Myra Schneider’s Lifting the Sky reviewed by Pippa Little
Lifting the Sky by Myra Schneider. £9.99. Ward Wood Publishing. ISBN:978-1-908742-68-1
Reading these poems on a dark winter’s day is to plunge into colour. Myra Schneider’s world is richly textured and layered, peopled with composers and artists for whom, like herself, colour is a necessity. Each poem is painterly, evoking a mood, a tone, along with shades and luminosity. But while her work delights in the natural world, the immediacy of life, it remains acutely aware of the vulnerability of our surroundings in this Anthropocene Age: in ‘Returning’ the poet’s delight in May’s ‘sweet extravagance’ is tempered by the knowledge that one season the ‘fescue, flowers, leaves’ may not grow back.
This sense of foreboding, and the difficult questions it engenders, adds a darker, more conflicted dynamic to the collection and sets up an interesting conversation between the poems. The opening poem draws us in immediately, balancing the inner and outer realms, the dark and light, and ‘Windows’ exults in the ‘luminous scarlet’ moment when upper windows are transformed by sunset after a November day of grey, hopeless ‘deep despond’, wanting to conserve this incandescence for the future, though knowing it to be impossible. Colour becomes a means of survival in both a spiritual and an artistic sense, a metaphor for being in the world. The joie de vivre of the voice is achievable only because of the struggle it has gone through, and continues to go through, against the colourless states of doubt, loss, grief, self-loathing, fear and depression. ‘To make sure every day is a finding’ (from ‘Losing’) is a hard and bravely won triumph. There is no flinching: the poet asks, twice, on facing pages: ‘Is this death then?’(‘Daggers of Light’), ‘is this death?’ (‘The Thing’). Humans appear as vulnerable in terms of survival as the natural world to which they have done such harm, particularly female humans who carry the historical weight of parents’ and children’s expectations and demands.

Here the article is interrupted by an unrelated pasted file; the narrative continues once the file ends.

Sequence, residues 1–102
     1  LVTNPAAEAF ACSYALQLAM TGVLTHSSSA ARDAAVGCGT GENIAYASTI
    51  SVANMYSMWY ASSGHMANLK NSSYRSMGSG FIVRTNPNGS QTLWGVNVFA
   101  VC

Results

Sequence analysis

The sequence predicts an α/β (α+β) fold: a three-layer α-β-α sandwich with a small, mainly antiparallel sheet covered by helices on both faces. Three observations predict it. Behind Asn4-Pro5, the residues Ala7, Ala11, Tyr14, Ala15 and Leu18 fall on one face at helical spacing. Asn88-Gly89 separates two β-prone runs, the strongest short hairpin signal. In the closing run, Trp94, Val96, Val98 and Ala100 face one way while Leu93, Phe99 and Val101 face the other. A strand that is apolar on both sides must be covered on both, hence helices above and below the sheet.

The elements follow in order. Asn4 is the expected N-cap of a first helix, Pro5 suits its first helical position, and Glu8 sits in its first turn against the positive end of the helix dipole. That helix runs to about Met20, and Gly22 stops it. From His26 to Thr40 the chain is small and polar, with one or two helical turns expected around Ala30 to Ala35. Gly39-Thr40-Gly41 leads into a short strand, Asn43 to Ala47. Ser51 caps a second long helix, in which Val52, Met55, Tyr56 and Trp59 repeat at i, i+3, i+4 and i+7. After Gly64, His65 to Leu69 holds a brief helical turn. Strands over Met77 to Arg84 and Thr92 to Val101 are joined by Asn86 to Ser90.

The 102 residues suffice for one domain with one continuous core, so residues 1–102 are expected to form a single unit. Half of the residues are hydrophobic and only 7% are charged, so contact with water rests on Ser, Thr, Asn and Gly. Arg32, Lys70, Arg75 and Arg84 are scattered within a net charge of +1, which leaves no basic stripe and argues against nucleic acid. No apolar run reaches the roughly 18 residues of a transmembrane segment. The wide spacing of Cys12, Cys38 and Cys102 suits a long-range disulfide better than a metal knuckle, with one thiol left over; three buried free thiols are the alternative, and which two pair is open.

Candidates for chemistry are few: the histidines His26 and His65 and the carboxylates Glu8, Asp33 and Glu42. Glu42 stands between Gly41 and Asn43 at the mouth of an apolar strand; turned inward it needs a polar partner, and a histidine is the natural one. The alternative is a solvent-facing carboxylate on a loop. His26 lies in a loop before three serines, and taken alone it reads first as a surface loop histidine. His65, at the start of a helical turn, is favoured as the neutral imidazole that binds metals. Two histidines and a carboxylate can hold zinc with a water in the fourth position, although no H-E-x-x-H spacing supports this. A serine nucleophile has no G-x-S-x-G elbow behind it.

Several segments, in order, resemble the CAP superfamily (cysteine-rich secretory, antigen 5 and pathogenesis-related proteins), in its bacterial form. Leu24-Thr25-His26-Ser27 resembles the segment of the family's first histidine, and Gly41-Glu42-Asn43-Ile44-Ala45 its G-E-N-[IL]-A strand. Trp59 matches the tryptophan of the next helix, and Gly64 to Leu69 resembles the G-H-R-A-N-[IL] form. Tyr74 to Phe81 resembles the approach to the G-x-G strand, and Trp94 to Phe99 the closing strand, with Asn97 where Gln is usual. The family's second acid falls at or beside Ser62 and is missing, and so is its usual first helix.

The long narrative sequence ‘Edge’ explores the situation of a woman for whom making art and fulfilling her domestic role become incompatible, a dilemma which makes her ill – though through her family’s support and her own rediscovered strength she finds her way again. ‘Love was it? Kindness?’ (‘Survival’) – these are the watchwords for Schneider, along with hope: the book ends with the line ‘rooms where hope is coming into blossom’. Hope lies in the so-called ‘small’ pleasures of a life: preparing food in a kitchen, dancing a tango, practising the slow, graceful movements of quigong, enjoying close ties of friendship. There are many lovely and important poems in this important collection. More than ever we need to listen to poets with Schneider’s long gaze and wisdom.
Pippa Little‘s collection Twist (2017), from Arc, was shortlisted for The Saltire Society’s Poetry Book of the Year prize. She is working on a third full collection and works at Newcastle University School of English as a Royal Literary Fund Fellow.